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Central Banks Pave the Way to Short term Pound Revival vs The US Dollar

The Pound is trading at 1.573 today against the Dollar following yesterday’s coordinated action from the US Federal Reserve, Bank of Canada, Bank of England, Bank of Japan, ECB and Swiss National Bank to improve liquidity for banks. The 6 central banks agreed to cut the interest rate on dollar liquidity swap lines by 50 basis points.

Essentially the announcement allows commercial banks to borrow dollars – the staple currency in interbank lending – at a cheaper rate. As a risk aversion technique US Banks charge a deposit in the currency being traded (e.g. UK banks would pay a deposit in Sterling) before they dish out the desired dollars. The reduction allows commercial banks to borrow money at a rate of 0.56% interest reduced from 1.06%, it is planned to last for 14 months.

The official line on the move is:”The purpose of these actions is to ease strains in financial markets and thereby mitigate the effects of such strains on the supply of credit to households and businesses and so help foster economic activity.”

Many investors, financers, and politicians had called for affirmative action and when it came the markets responded with jubilation; the high-yielding commodity currencies such as the South African Rand, Australian Dollar and New Zealand Dollar shot up rapidly, rising 1.5-3% while the safe haven US Dollar and Japanese Yen were punished for their low interest rates and high security.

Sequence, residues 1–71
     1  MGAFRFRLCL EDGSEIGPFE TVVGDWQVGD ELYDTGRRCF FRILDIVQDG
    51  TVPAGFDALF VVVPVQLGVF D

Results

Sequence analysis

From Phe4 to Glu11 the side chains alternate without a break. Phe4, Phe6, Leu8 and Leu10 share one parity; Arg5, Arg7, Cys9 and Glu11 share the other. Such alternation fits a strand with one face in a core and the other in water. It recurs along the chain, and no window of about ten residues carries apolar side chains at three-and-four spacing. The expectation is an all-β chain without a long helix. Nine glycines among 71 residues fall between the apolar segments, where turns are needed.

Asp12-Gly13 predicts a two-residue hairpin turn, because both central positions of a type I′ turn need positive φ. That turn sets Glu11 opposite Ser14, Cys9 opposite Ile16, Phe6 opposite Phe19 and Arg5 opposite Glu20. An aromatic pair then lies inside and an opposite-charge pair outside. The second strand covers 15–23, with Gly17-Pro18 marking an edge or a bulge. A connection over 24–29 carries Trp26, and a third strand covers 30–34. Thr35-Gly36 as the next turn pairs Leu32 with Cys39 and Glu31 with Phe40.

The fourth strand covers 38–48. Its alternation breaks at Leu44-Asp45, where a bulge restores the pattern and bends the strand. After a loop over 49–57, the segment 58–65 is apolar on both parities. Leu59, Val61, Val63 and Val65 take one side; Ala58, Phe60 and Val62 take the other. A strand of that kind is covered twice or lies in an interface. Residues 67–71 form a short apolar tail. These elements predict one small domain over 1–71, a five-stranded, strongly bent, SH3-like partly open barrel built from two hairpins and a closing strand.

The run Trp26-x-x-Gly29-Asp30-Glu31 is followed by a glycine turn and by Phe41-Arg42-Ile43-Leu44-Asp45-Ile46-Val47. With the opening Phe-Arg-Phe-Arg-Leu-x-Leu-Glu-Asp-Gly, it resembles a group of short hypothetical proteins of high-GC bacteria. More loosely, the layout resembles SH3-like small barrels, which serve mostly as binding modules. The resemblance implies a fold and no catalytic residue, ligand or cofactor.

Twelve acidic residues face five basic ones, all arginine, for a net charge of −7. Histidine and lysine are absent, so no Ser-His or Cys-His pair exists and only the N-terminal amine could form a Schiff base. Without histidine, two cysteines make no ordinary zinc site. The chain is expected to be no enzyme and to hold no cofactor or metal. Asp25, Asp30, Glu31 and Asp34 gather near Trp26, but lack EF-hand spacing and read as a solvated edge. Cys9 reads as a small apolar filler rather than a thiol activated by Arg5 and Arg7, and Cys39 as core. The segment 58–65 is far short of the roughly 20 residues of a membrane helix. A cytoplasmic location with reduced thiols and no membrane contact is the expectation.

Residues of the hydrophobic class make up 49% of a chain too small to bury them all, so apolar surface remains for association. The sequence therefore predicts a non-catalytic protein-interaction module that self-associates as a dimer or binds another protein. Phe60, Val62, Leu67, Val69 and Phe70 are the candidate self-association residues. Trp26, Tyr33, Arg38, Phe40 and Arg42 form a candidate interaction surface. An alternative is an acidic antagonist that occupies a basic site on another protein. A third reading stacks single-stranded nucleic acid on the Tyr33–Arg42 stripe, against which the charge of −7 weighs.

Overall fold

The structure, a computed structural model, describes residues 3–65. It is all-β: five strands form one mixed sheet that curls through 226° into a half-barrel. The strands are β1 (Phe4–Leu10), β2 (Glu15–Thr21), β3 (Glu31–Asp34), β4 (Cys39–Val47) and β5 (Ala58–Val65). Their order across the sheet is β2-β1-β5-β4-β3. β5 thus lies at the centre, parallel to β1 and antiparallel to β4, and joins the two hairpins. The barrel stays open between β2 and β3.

The announcement appears to be good news for the global economy, at least in the short term; North American and European share prices rose on average over 4%. Italian bonds dropped and German one-year bunds fell below zero for the first time in history, prompting optimism for France and Spain who sold large numbers of bonds today.

It appears however that cheaper dollar swap lines will help commercial banks, and the announcement did give the market something to react to yesterday, but the fact remains that more is needed in the means of fiscal integration to sure up the Eurozone debt crisis. Spain’s 5-year borrowing cost rose to 5.544% today from 4.848% on 3rd November. Spain sold €3.75 billion of bonds but at its highest interest rate in 6 years. Across the board, yesterday’s spikes are falling back down; the commodity currencies are still benefitting from the decision, just not as dramatically as they did upon its announcement.

One question being raised by traders is that of ulterior motives; what does this move suggest for the market? The lower interest rates should help prevent credit shortages which is especially pertinent in the case of emergency e.g. If a Eurozone country defaulted, it would make cash more accessible for the banks that were holding the failed state’s debt. A positive move then? Yes and No. Of course precaution is to be heralded and the affect of the decision was palpably positive, but at the same time the move could be interpreted as rotten with worry; an ominous clue that policymakers foresee a Eurozone state failure.

The Euro’s precarious predicament is not good for the Pound and if the unthinkable happens and a Euro member state defaults, it will be the Dollar that benefits from risk liquidation.

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